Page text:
Browsing articles tagged with " Public Relations"
Mar 5, 2009
csalomonlee

Measuring The Cost of Bad or Good Online Reputation

By noblelgnoble via flickr

By noblelgnoble via flickr

 

 

I received this question from Nathalie Seoteman after she read my free ebook on using social media: 

How [can you] calculate the value of a company’s online reputation and (marketing) PR 2.0 efforts? What did these activities produce, put in figures and – preferably – in euro’s/dollars? I would like to include both the reputation damage that has been diverted and the positive/negative/neutral online coverage that has been created.

This raises an interesting and very complex question. There will inevitably be tangible and intangible ways to measure the value.

 

Measuring Positive and Negative Reactions

Assuming that you’re using a tool like Trackur, Radian6 or just Google alerts to track your coverage, the first thing you have to segment the coverage by what Radian6 calls sentiment – negative, neutral or positive. Once you’ve done this for media coverage, video responses, Twitter responses, blogs postings and more, you can get a visual representation of the sentiment over time.

The question then is how do you assign a monetary value to this. One way is to use ad equivalence, which is how much would it have cost you to advertise in a magazine for the same space. The obvious drawback is that this will not cover a significant portion of your coverage and you have to do the time consuming research to find the ad values. But let’s assume that this works for 40% of the videos, blogs and media coverage out there. How do you measure the remaining 60%?

The Value of a Single Customer Won or Lost

I am assuming that you have a sense of your sales pipeline and what the average deal size (let’s keep this simple, ok? =). If you delved into the content of what is being said, how many would say they would 1) hire your company; 2) never work with your company again or 3) are neutral.

I’m making a huge assumption that each person is a potential customer regardless of their company affiliation and title. For example, there are over 589,000 fans on the Skittles Facebook page. If I assumed that each person bought at least one Skittles product that cost $0.75, then the potential value would be $448,500.

You can then do the same with your business: positive = gain average deal size, neutral = zero, negative = costs you average deal size

Conclusions: Not an Exact Science, Yet

I admit that I am ignoring the relative influence and weight of differing outlets, people or prominence of coverage. I also know that not everything can be easily dissected into the three sentiments I highlighted above. But frankly, I didn’t want to turn this posting into an essay ;)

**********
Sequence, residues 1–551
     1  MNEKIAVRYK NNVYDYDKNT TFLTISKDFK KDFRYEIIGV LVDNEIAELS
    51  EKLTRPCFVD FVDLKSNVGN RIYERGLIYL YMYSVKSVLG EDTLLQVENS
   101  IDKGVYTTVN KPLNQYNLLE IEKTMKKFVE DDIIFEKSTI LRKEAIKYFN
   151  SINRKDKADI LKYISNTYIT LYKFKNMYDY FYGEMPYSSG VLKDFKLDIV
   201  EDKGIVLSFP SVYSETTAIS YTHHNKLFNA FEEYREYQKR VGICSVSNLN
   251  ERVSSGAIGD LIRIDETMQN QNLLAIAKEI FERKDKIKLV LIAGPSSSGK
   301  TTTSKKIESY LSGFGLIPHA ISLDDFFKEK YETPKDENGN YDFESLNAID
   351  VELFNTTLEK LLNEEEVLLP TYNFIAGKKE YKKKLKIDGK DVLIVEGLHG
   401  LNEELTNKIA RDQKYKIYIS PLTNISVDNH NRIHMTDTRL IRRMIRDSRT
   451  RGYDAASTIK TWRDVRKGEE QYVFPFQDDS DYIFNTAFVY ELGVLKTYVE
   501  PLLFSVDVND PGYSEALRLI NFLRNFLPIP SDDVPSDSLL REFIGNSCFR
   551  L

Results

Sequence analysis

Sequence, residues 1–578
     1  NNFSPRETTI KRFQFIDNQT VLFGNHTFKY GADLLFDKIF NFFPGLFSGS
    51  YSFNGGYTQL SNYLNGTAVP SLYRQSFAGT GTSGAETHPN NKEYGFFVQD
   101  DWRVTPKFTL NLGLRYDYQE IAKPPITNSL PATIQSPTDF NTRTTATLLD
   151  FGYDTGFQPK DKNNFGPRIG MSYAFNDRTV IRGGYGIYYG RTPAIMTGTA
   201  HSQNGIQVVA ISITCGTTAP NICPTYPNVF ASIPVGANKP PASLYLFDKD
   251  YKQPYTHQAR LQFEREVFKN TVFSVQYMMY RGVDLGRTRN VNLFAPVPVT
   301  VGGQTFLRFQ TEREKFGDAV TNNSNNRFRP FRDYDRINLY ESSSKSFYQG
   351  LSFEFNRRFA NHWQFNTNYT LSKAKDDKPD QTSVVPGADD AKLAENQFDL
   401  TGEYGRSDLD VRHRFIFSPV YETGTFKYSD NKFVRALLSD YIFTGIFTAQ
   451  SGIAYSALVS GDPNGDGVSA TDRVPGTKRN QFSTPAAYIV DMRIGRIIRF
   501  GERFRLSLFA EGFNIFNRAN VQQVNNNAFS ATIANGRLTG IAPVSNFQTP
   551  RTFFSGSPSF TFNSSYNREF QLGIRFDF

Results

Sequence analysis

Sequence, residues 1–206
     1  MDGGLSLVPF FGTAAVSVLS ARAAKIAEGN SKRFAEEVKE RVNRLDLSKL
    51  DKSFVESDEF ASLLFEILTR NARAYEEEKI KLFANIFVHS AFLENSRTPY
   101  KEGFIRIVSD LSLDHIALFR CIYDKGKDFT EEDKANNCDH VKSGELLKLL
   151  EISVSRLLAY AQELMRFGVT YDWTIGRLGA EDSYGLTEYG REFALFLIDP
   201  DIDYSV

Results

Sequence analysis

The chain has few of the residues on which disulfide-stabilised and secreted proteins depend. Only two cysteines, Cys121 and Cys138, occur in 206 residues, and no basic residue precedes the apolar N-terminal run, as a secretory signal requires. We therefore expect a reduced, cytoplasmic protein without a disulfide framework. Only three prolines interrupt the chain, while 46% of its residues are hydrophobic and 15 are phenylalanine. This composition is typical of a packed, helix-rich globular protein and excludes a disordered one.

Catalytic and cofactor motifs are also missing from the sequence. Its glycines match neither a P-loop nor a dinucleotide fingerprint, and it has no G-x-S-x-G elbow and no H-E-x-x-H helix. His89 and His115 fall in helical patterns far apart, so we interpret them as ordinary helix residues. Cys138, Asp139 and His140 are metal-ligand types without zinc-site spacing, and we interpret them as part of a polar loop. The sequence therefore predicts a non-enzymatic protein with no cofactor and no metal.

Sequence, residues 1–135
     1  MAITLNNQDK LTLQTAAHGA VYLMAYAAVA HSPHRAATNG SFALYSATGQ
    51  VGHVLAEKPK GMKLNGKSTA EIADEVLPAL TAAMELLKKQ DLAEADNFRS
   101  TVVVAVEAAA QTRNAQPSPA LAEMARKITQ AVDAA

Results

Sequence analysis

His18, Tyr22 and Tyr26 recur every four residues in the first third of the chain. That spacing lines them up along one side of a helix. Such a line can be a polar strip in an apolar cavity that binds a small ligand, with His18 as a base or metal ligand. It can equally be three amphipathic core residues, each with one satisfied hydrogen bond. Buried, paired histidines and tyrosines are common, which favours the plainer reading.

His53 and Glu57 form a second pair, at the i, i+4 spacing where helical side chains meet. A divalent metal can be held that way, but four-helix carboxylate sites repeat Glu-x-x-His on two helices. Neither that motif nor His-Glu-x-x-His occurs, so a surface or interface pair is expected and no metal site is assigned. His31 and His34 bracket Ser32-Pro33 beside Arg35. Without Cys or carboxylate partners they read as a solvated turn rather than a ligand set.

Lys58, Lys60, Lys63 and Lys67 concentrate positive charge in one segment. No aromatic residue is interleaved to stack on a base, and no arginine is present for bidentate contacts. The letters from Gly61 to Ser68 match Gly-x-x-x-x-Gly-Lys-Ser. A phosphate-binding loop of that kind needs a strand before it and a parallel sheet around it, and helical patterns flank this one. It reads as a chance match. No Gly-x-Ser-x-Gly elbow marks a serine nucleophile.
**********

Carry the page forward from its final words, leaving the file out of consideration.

While technology is catching up to help automate the process, I believe that there is still a very manual process involved to evaluate the coverage, put it into the appropriate bucket and then assign a value to it. Hence, I recommend that you start simply – take the most simple measurement and build upon it over time. Otherwise, you may find yourself spending more time assembling reports about your online reputation versus managing it directly.

In the end, there is no right answer for measuring the value of bad or good online reputation management. I hope the above provides a starting point for those seeking to calculate this value.  

I would love to hear of how others would go about calculating the value of bad and good online reputation.

 

The “formulas”

Positive Ad Equivalence – Negative Ad equivalence = Total Ad Equivalence

Potential Customer Deal Won – Potential Customer Deal Lost = Value of Potential Customer Deal

Total Ad Equivalence + Potential Customer Deal = Total Value of Positive/Negative Online Reputation

Feb 20, 2009
csalomonlee

Response to Comments regarding "Would YOU Trust a PR Firm without a Social Media Presence with Your Social Media Programs"

There has been quite a bit of discussion from the original post and on a post by Jeremiah Owyang titled “Walking the Talk: Some Agencies and Vendors Demonstrate Social Media Prowess,”. I honestly didn’t think that my initial effort would generate such discussion, which I think provides a lot of fodder for thought.

I do want to provide my perspective on one aspect of Jennifer Leggio’s comment:

Client service comes first, always. Yes agencies should strive to have a presence of their own but not having a presence on Twitter or LinkedIn for their corporation is not a good measurement — at all.